The SPLC, which focuses much of its work combating racist groups, said that the lack of clear legislative victories for the Obama administration on gun control in the wake of Sandy Hook and the upcoming immigration reform battle appear to have effectively calmed some of the far-right groups.
‘Those factors, along with the collapse or near-collapse of several major groups for a variety of reasons, seem to have taken some of the wind out of the sails of the radical right, leaving the movement both weaker and somewhat smaller,’ the report states.
Many states have varying bands of hate groups, but for their map, the SPLC qualified them into eight categories: black separatist, neo-confederate, Christian identity, racist skinhead, white nationalist, neo-Nazi, Ku Klux Klan and general hate.
There is only one state- Hawaii- that has no known hate groups but a vast majority of the rest can be found below the Mason Dixon line.
The 11 states that make up the area between Texas and the Atlantic are home to 589 of the 939 active groups that the SPLC identified- a whopping nearly 63 per cent.
Though Florida hosts 58 groups and Texas has 57, they do not take the top slot this year.
Posted by marble falls | Mon Mar 3, 2014, 08:47 PM (48 replies)
video at link
John Wayne Rogers, a blind man acquitted of killing his friend James Dewitt under Florida’s “Stand Your Ground” statute, successfully sued the state to have his guns returned to him.
Prosecutors had charged Rogers with first-degree murder in the 2012 shooting death of his house guest and drinking companion, James DeWitt. Rogers’s attorneys contended that he was a blind man defending himself from a drunken guest, but the prosecution had witnesses willing to testify that Rogers can see.
DeWitt’s girlfriend, Robertson, told Seminole County deputies that the two men had been “play fighting” when Rogers shot him.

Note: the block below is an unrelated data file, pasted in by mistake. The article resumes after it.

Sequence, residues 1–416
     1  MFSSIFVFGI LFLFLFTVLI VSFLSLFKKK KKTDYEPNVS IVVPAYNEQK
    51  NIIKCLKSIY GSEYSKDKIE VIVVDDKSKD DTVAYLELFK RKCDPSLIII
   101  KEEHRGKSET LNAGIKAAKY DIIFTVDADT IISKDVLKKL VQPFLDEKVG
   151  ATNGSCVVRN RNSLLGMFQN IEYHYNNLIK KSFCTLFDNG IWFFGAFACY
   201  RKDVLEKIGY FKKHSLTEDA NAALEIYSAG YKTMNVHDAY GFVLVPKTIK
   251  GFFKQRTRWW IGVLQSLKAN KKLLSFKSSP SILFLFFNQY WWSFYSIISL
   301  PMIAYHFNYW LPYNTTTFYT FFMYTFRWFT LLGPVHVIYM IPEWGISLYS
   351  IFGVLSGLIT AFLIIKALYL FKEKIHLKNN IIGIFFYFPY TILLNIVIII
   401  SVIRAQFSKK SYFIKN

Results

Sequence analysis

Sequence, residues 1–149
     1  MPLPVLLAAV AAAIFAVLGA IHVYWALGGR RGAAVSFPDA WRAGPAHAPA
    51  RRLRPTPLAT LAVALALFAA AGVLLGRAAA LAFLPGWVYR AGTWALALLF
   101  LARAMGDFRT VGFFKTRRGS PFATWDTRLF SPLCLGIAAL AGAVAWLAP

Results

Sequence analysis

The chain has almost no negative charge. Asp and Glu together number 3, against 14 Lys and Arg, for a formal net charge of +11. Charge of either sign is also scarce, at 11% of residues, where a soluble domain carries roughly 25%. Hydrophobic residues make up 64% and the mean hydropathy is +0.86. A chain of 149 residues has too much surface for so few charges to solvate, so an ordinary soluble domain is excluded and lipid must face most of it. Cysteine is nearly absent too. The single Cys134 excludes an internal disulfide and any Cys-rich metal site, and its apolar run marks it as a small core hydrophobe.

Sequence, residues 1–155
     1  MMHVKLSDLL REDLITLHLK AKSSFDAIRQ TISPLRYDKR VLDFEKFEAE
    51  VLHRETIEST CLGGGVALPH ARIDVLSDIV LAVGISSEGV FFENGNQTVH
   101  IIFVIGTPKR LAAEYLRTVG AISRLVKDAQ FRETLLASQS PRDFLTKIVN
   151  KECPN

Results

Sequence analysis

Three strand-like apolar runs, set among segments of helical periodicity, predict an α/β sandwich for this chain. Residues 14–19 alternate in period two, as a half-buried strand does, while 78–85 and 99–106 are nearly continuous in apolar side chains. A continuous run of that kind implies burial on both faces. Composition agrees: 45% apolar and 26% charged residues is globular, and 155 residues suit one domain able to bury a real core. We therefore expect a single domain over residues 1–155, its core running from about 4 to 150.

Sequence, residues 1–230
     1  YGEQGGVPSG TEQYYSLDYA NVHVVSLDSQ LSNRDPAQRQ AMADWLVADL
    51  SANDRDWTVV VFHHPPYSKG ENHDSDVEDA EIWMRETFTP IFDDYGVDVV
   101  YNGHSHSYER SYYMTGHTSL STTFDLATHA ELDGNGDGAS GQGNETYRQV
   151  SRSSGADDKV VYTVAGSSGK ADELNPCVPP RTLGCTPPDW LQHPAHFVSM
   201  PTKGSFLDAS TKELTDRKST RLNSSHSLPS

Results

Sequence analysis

Rogers was freed from Seminole County Jails on January 9, 2014, mere hours after Circuit Judge John Galluzzo granted his “Stand Your Ground” motion.
Rogers, who was blinded in a work-related accident in 2001, has an extensive history of violence. In 2010, following another night of drinking, Rogers shot at his cousin and roommate, Michael Rogers, 15 times with a handgun. Michael Rogers was not shot, and John Rogers eventually plead no contest to one count of unlawfully displaying a firearm, for which he was placed on probation.
That probation was revoked when, in 2011, he punched a woman, which led to him spending 71 days in jail on domestic violence charges.
Judge Galluzzo agreed, saying that “I have to return property that was taken under the circumstance. I have researched and haven’t found case law to say otherwise.” He ordered the return of the 10 millimeter Glock that Rogers had used to shoot at his cousin, Michael, and the hunting rifle with which he shot James DeWitt.
The judge did, however, order that all the confiscated ammunition be destroyed, claiming that it was “too old and dangerous.”
'cuz whats the worst that could happen, right?